Wednesday, March 26, 2014

Lab Madness Bracket Challenge

My inbox tend to get inundated with white papers and other updates from the pharma industry.  I usually just browse and delete these, but on this particular Tuesday morning one thing caught my interest - Roche's email: Play the Scientist Bracket Challenge. It piqued my curiosity enough to open it. C'mon! March Madness with a science twist?? Brilliant!
The email headline reads:
Ivan Pavlov is already salivating at the thought...
The 2014 Scientist Lab Madness Tournament Challenge puts 64 of the world's best scientists against each to see who is the ultimate champion...
Other catchy teasers include:
  • Will Freud's Super-ego get the best of him?
  • Will Boyle past the test?
  • Will Schrödinger win, lose or both?
Needless to say, I was hooked! Bring it on. Imagine me rubbing my hands together and squealing in delight. So, below you will find my bracket and the reasoning for my picks, but if you want to fill yours, here's the link: Lab Madness Bracket Challenge. I have to say, I spent more time thinking about this bracket than my NCAA March Madness bracket.  No wonder I'm losing miserably in that one.

Click to view larger version
The Final Four:
Southern Blot
My Southern bracket was perhaps the easiest to pick. While most will go with #1 seed Albert Einstein, I chose Jonas Salk to win over Einstein on the Sweet 16 round, and move to the Final 4. Thanks to Salk's successful vaccine, polio is almost completely eradicated. You will also see that I chose David Baltimore to upset James Watson for no other reason than I am not a fan of Watson. Shocked that I chose Ptolemy over Aristotle? Let's just say that Ptolemy is more well-rounded with his interest in astrology and music! Plus, we know what happened with Aristotle's geocentric theory.
Northern Blot
This was a hard bracket.  I was so rooting for Marie Curie to at least make it to the Elite 8.  Alas, it was not meant to be.  I advanced Hubble because there's just something sweet about pitting Hubble vs. Kepler. Don't you agree? While other may struggle in choosing between Neils Bohr and Otto Hahn, this was an easy one for me. Hahn, in addition to being the father of nuclear chemistry, is just an overall peacemaker, and an ardent anti-nazi. However, moving Louis Pasteur over Otto Hahn to the round of 8 is a no brainer. More on Galileo's impressive win over Pasteur and taking the championship crown later.
Western Blot
My explanation for Copernicus winning over Mendel:  The sun is the center of the universe. Plus, the Mendelian trait cannot explain my 2 daughters' blue eyes.
Charles Darwin over Linus Pauling then Copernicus was more difficult to pick. My rationale - To this day, Darwin, in his grave, is still fighting and trying to convince people that the Theory of Evolution is not a 'mere' theory. Still, this was another tough bracket. And for that, Darwin automatically advances to the Championship, beating Newton's easy-peasy Mid-Western bracket.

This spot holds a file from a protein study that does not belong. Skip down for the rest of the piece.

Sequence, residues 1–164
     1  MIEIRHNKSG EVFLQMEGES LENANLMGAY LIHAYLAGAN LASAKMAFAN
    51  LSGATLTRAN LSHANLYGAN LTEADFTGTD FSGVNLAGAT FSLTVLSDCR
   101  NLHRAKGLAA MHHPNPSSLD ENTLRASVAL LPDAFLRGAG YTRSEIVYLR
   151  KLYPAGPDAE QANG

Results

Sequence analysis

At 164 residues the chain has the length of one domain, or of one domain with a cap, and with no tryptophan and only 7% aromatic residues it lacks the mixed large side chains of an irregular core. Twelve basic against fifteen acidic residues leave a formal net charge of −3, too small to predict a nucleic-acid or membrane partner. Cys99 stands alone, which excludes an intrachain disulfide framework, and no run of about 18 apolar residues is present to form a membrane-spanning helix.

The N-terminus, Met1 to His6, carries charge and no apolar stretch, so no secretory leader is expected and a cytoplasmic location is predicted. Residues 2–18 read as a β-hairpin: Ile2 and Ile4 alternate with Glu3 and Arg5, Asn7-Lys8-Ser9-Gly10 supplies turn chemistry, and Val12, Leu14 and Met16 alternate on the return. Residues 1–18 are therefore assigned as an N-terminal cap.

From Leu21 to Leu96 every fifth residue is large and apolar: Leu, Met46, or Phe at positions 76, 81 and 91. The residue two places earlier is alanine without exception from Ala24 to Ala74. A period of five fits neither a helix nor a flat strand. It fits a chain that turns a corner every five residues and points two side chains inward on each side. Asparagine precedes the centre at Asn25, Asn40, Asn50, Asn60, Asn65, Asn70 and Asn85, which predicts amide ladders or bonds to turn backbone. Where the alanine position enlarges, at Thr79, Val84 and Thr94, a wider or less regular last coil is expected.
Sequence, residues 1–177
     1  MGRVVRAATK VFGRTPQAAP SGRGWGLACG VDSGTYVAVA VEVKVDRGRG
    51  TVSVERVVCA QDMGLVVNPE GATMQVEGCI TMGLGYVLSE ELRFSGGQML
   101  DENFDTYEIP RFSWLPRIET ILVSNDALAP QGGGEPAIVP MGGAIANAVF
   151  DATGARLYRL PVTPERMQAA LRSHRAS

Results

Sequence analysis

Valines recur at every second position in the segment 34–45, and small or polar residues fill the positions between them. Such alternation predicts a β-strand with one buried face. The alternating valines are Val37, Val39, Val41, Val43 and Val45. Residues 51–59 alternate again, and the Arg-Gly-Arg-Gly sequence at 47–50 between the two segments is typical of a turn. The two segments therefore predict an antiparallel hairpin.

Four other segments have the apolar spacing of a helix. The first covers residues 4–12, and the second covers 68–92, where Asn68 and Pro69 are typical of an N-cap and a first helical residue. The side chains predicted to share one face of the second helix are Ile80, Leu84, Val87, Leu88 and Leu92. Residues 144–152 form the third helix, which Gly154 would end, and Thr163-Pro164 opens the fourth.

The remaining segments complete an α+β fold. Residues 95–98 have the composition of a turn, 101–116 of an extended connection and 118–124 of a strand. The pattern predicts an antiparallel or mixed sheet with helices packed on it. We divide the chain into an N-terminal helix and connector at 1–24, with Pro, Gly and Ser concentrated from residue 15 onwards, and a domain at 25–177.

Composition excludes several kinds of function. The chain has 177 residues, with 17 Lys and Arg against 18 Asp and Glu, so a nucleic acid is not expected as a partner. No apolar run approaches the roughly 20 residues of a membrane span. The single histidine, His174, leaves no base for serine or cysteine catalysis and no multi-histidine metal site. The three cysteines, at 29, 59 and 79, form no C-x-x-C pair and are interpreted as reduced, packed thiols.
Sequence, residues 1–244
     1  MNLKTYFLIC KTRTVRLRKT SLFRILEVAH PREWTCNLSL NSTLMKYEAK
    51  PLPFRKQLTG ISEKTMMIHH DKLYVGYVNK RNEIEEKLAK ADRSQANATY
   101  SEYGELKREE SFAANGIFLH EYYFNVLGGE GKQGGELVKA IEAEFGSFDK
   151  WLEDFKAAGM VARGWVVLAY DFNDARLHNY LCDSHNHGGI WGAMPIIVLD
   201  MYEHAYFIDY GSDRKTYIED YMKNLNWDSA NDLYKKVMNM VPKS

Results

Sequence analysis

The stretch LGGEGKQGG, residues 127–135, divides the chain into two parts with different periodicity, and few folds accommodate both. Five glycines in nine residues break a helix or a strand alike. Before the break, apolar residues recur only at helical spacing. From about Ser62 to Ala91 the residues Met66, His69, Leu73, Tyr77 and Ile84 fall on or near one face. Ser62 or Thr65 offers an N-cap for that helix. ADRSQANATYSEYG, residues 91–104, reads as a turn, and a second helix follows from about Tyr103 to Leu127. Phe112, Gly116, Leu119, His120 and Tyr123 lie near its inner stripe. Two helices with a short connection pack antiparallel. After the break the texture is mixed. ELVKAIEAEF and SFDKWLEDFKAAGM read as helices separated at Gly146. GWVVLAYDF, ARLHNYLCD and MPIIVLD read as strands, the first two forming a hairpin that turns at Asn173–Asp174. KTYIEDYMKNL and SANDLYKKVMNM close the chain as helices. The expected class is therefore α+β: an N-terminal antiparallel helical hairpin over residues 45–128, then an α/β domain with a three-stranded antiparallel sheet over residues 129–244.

Mid-Western Blot
How fun was it to pit Tesla vs. Edison and have Tesla win?  Lots. Still, it is Newton who makes it to my Final 4. Why? Sure, Gravity Theory. Although the cartoonish vision you have of an apple falling on Newton's head and leading to his Eureka! moment is a myth. Whether he's really a vendictive fellow or a misunderstood one remains as much of a mystery as where the myth came from.
Galileo wins it all.
Ah, Galileo.  I have always had a sweet spot for Galileo. His fascination with the milky way and its astral bodies is similar to mine... except he invented the telescope.  Unlike Newton who has been widely lauded in his lifetime, Galileo loved science and was punished for it. Supporting Cupernicus in championing heliocentrism, his books were banned and he was charged of heresy by the church. He died suffering and alone. Well, in my Lab Madness bracket, he wins it all. 
Who's your Champion?

Friday, March 21, 2014

Science at a glance - March 2014

It looks like a lot of interesting things are quickly happening in the world of science, while I struggle to find the closest drycleaner to our new house. So, I'm introducing "Science at a glance" to keep up with the latest and most exciting events in science... at least to me. That's the great thing about blogs - curation, right?
Lastly, for all my scientists friends and readers, here's an interesting article from Science Careers that tells you why you should stay connected online and offline: A Scientists's Guide to Social Media.